Keynesianism in Democracy

Two years ago, semiconservative pundit Josh Barro declared that “Conservatives Have No Idea What to Do About Recessions.” The eminent progressive economist Paul Krugman agreed, then tweaked crotchety Josh by saying this idea-less condition afflicts not only “anti-intellectual and doctrinaire” Republican policymakers but also “prestigious conservative economists” such as, um, Barro’s father Robert.

Conservative intellectuals like Robert Barro, Krugman suggested, have rejected the economists’ notion of aggregate demand, and in so doing they have rejected not only Keynesian economics but also the wrong-yet-acceptable monetarist alternative and its very great avatar Milton Friedman. Why? Because politics: Krugman sees Barro père as having “the sense that acknowledging that markets fail, ever, would be the thin edge of the wedge for liberal policies.”

With apologies to Alex Pareene’s version of Malcolm Gladwell: Say that Krugman is right about Robert Barro’s motivations. Could Barro still be right in rejecting Keynesian economics? What if Keynesian economics contains a lot of truth, though? Surely then Barro would be wrong in refusing to advance those true Keynesian ideas.

Or would he?

In 1977, the classical liberal economists James Buchanan and Richard E. Wagner argued that the advancement of Keynesian economic ideas is counterproductive in a mass democracy. Buchanan and Wagner allowed that there could be some ‘truth’ in Keynesianism but said that intellectual economists—few in number and limited in influence—can no longer assert the consistent level of control over economic policy that would be necessary to deliver results. Why not?

John Maynard Keynes, as evidenced in material cited by Buchanan and Wagner, tended to think of policy in his Britain as being handed down by an intellectual aristocracy that would not soon be displaced. Keynes believed that sway over the economic levers could and would be maintained by smart folks, whatever else may transpire. But in America now, as Paul Krugman and Josh Barro both know, that ain’t so. The columns and tweets of today’s smarties, whoever they are, are just an input into the roiling democratic processes that determine policy.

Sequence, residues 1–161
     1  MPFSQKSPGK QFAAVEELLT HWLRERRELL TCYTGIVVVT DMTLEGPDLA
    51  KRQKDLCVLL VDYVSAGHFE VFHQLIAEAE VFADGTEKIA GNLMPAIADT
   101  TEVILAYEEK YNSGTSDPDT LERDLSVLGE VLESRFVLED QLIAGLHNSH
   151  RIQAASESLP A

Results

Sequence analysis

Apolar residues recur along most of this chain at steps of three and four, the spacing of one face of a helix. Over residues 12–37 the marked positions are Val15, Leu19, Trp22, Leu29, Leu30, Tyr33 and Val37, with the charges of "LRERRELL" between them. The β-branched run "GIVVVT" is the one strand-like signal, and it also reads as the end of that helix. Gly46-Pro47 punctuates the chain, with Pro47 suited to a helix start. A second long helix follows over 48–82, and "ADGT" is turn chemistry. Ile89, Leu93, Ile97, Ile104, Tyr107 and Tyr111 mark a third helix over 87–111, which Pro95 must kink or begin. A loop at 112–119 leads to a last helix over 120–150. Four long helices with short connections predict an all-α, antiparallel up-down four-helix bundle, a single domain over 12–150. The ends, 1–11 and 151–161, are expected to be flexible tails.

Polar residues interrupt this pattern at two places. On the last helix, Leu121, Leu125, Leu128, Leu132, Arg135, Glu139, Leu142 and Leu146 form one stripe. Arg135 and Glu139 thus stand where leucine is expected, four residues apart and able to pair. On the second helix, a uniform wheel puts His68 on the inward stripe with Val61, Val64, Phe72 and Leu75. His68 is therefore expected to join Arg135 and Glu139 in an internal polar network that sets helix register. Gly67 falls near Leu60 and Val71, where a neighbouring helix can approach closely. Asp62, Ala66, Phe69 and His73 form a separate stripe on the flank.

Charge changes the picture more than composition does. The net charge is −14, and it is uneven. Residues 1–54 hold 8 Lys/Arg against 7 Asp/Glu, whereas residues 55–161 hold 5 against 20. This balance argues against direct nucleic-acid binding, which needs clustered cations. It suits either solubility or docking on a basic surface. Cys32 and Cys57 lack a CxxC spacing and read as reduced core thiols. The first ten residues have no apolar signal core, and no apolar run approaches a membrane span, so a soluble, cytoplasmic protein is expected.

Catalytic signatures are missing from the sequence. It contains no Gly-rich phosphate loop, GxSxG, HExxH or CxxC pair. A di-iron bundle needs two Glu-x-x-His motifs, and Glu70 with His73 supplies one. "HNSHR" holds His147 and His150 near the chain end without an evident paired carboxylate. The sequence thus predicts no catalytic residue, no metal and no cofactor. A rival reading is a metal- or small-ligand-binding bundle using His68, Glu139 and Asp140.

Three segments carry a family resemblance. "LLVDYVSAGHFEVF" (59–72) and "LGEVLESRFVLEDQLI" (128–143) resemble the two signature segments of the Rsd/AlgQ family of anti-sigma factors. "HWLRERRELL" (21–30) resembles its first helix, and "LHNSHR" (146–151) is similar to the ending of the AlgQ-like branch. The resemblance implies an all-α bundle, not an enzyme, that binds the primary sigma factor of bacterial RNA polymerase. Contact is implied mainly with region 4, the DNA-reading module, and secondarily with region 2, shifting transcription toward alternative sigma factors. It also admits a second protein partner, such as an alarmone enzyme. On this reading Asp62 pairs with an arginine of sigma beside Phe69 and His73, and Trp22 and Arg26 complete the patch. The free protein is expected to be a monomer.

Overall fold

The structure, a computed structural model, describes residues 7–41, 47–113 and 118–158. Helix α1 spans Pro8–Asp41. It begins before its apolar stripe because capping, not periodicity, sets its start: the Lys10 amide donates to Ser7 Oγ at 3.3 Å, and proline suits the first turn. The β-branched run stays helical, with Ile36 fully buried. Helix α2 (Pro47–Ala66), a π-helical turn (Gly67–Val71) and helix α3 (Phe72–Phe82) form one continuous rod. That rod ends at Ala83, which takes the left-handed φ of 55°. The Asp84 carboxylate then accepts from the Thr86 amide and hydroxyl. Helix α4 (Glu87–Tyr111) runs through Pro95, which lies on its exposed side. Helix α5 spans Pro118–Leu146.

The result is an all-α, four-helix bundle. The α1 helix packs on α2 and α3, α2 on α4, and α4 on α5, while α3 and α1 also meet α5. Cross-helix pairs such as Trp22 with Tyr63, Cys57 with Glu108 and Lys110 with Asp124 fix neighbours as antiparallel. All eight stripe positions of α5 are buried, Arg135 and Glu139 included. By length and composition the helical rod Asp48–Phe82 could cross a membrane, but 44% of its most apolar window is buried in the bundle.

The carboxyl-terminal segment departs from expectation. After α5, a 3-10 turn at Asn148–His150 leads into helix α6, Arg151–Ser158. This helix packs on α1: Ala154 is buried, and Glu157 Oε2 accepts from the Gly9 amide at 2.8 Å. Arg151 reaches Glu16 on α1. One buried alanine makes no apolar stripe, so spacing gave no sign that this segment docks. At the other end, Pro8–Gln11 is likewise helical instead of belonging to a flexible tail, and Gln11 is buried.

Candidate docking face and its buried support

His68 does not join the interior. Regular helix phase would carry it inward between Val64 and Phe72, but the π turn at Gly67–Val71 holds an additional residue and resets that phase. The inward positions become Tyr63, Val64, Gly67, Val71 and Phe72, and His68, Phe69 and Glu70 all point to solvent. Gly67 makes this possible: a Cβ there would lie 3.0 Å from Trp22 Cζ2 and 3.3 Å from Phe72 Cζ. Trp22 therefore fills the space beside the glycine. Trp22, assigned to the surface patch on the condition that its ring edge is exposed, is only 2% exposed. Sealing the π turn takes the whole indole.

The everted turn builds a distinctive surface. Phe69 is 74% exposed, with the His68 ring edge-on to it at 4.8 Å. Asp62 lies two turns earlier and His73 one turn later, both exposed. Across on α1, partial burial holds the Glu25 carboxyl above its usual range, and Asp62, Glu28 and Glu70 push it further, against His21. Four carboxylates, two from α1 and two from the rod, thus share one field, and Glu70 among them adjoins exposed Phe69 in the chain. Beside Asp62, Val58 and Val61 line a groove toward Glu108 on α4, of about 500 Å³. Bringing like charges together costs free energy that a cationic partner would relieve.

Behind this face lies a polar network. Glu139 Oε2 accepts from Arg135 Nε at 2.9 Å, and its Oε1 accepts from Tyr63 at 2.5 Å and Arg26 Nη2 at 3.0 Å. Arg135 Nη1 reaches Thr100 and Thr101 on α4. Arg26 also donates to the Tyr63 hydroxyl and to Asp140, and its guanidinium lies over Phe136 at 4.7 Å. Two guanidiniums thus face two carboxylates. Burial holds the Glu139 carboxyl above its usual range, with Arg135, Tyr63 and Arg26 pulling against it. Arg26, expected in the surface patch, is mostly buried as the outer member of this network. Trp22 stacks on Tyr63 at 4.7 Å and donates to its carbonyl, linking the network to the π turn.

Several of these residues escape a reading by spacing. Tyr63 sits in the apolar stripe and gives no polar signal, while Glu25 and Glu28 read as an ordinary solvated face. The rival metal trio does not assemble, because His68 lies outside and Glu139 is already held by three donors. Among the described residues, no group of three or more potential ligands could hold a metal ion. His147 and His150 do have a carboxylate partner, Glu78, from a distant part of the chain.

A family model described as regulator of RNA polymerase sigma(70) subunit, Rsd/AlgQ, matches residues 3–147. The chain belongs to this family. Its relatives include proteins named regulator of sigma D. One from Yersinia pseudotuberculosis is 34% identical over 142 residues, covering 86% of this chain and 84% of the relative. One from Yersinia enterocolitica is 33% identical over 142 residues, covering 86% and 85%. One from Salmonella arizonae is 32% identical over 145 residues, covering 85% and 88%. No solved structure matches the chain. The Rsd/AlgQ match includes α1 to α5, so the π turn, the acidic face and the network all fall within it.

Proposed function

So what should that input be? Krugman’s answer is twofold: Keynesian economics and Democratic Party politics. We are fortunately blessed to have with us a party of politicians who take their cues from sensible people. The Democrats are smartly Keynesian, and so if they remain in power then countercyclical policy is guaranteed. Stimulate the economy when it busts, then use boom times to control inflation and reduce debts.

But Buchanan and Wagner pointed out that since the boom-time Keynesian policies of tighter money, lower spending, and higher taxes are never popular with voters, it doesn’t make a lot of sense to bet on continuous Democratic victories. An opportunistic opposition party could put forward pseudo-Keynesian ideas designed to win elections: Say, if tax cuts are stimulating during recessions, then shouldn’t they be stimulating all the time? A voter who really understands Keynesianism, who learned what she was taught in intermediate macro, wouldn’t be suckered by such an opposition. But in a mass polity dominated by noneconomists, vague notions about the benefits of ever-lower taxes can sink in. Sometimes the Republicans win, and who knows what they end up doing.

So Buchanan and Wagner’s answer was this: Mass democracy requires a wiser brand of economist, one who understands Keynesian economics but refrains from offering the Keynesian policy prescription. Economics professors shouldn’t, in their classrooms, push their smart kids to advocate for strongly countercyclical budgeting. Teach them about the idea, yes, but teach them too about the politics that are likely to frustrate its successful implementation, and remind Timmy in the front row that he’ll never chair Ways and Means.

Buchanan and Wagner thought a better result would obtain if the economists and their sharp students hold that politicians should consider the government to be broadly constrained by its budget. Then less nuttiness gets around. The idea of ever-lower taxes, dumb on its face, is affirmed as dumb. And some of the less defensible Gladwellism in politics is stymied. A crotchety man or two might be happy about that much.

They would be, right?

Advertisements